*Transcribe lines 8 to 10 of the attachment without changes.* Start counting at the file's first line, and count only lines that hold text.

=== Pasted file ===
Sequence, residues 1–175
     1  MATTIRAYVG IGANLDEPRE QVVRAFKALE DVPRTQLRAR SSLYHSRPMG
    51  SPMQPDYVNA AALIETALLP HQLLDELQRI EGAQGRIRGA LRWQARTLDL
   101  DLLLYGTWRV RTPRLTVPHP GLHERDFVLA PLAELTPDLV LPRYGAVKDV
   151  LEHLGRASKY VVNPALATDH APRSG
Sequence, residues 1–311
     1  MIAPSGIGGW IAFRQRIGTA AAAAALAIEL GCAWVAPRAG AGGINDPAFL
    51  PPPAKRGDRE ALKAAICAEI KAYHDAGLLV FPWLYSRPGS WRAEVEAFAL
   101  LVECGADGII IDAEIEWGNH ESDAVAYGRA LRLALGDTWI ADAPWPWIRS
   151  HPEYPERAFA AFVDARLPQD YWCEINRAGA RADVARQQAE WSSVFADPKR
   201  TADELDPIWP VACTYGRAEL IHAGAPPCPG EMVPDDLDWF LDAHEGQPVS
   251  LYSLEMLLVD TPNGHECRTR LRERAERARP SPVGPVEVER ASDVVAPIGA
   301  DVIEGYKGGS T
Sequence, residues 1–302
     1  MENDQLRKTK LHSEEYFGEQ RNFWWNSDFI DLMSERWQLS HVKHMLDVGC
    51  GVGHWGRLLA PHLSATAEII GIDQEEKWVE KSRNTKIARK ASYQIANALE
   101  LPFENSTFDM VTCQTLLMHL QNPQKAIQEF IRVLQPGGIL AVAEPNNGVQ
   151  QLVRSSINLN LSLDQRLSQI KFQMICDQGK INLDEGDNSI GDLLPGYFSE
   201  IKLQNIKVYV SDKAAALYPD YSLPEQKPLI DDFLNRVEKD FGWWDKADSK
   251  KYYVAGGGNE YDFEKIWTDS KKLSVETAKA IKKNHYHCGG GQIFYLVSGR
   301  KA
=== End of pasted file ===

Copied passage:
    51  PPPAKRGDRE ALKAAICAEI KAYHDAGLLV FPWLYSRPGS WRAEVEAFAL
   101  LVECGADGII IDAEIEWGNH ESDAVAYGRA LRLALGDTWI ADAPWPWIRS
   151  HPEYPERAFA AFVDARLPQD YWCEINRAGA RADVARQQAE WSSVFADPKR